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Intervention and Respect

China’s relationship with North and South Sudan has been the subject of a great deal of scrutiny over the past decade. Beijing’s close relationship with North Sudanese President Omar al-Bashir has been used as a primary example of China’s support for pariah regimes. China is now heavily invested in both North and South Sudan.

China has reiterated its support for the newly independent South Sudan promising increased investment. Meanwhile China’s special representative to Africa Liu Guijin has called on rebels in Darfur to abide by the peace process. While China’s trade rested for a a long time on its relationship was with President al-Bashir. However after a number of kidnappings and disruptions China gradually became more supportive of international efforts for peace.
Gradually Chinese policy in Africa has moved from non-interference, to non-intervention, but increasingly now respect is the only equivalent policy. China had advocated respecting the sovereignty of countries in which it invests, but increasingly commercial concerns have led China to become more involved in the international community.

Analysts noted the Chinese policy shift in Sudan would as its commercial interests became aligned with the international agenda. China played an active role in the Darfur process and although it refused to go as far as supporting ICC injunctions against al-Bashir, Beijing worked together with Western countries to achieve a peaceful solution. More recently China tacitly supported intervention in Libya, by abstaining from the vote at the UN.

Last week Chinese officials were furthering the case for intervention in Somalia. China has played an active role in the patrols in the Gulf of Aden. Nevertheless a terrestrial attack on pirate bases in Somalia is a first venture into Chinese leadership of international military intervention. The ‘black hawk down’ debacle in 1993 costs the lives of 19 US soldiers, but also marked the last time US forces have been in active service in Africa. Chinese engagement in Somalia would likely be supported by a US government concerned by pirate financing of Al-Qaeda and trade disruption, as long as requirements are not made of its own military.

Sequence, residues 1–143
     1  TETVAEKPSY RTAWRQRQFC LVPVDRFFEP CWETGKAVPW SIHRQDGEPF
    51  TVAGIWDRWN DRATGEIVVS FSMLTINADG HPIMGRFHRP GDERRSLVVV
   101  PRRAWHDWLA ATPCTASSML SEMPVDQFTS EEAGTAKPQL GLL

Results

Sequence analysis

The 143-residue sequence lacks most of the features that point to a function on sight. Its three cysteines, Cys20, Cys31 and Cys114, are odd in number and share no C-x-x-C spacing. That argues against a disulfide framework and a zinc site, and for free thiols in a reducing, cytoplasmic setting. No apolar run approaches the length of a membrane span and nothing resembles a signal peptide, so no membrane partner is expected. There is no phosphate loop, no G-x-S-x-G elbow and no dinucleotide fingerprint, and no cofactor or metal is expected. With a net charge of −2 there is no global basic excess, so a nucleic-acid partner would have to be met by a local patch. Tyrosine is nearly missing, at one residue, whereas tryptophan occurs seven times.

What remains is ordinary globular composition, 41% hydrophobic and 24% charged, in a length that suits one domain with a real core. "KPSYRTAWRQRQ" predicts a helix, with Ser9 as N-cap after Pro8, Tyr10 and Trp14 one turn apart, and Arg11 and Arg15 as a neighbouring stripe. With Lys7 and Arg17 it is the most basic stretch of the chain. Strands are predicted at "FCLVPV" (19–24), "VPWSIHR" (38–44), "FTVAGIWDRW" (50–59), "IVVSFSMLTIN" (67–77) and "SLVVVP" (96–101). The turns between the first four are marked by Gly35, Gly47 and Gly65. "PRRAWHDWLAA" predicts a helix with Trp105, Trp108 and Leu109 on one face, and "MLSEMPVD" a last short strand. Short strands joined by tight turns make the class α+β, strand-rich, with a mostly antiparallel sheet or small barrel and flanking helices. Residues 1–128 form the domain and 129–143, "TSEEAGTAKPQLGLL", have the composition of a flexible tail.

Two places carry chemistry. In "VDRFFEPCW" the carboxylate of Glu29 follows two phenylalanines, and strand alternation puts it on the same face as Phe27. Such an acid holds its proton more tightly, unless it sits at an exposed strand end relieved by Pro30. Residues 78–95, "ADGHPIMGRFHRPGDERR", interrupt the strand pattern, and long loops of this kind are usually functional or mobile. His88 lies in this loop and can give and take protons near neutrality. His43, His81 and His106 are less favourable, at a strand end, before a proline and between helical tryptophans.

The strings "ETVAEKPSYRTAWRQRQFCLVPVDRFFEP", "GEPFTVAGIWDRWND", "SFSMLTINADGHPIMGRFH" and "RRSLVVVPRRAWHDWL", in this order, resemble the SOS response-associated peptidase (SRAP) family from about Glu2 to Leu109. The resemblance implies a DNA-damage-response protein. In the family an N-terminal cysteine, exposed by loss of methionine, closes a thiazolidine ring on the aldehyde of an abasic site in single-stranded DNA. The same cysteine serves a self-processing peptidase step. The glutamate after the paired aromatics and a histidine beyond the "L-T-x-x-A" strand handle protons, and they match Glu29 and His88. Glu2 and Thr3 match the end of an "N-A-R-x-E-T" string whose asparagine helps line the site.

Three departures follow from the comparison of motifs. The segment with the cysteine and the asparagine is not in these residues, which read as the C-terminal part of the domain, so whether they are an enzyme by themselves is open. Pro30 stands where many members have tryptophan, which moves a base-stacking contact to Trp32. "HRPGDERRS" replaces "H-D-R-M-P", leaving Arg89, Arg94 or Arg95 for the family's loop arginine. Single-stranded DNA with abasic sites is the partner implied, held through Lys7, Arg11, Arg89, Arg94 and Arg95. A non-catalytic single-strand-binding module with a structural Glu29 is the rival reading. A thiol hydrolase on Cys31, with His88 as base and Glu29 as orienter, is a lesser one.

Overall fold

While China has increasingly become a cooperating member of the international community, its leadership in this military action is interesting. China has built strong relationships with a number of countries in East and Southern Africa, and its export routes are some of the most threatened by Somalian piracy. Meanwhile Somalian intervention would not be unpopular in Africa, as no country has strong links to the pirate groups (possibly excluding Eritrea which has been accused of supporting the insurgency).Therefore Beijing has the strongest interest in addressing the problem. It is an important example of the pragmatism of China’s African policy.

However China has not attempted to sanitise its African alliances for a Western audience. Its continuing alliance with Zimbabwe includes military support and it openly flouts the Kimberley Process. From a western perspective this policy is unconscionable, but within a regional African context Zimbabwe enjoys universal support. This is where China’s respect policy comes into play. While Western actors accuse China of irresponsibility for ignoring limitations of particular African governments, China operates under the auspices of what would be acceptable to its Africa allies, not the West.

From a development perspective there are competing pressures here. While loan conditionality seems immediately attractive from a development perspective, it also removes agency from African governments in making their own decisions. Sanctions on pariah regimes generally affect the poor in the country the worst.

There is something to be said for this split model whereby China brings infrastructure investment to frontier markets while the West demands improved practices. Clearly this does not include arms sales to repressive regimes, but the value of respect for the institutions and opinions of the African community is too freely discounted by developed countries. Developed countries are too quick to assume that their political and economic models are universally applicable, and therefore that the strong agenda for liberal democratic values will be received as charity rather than imposition.

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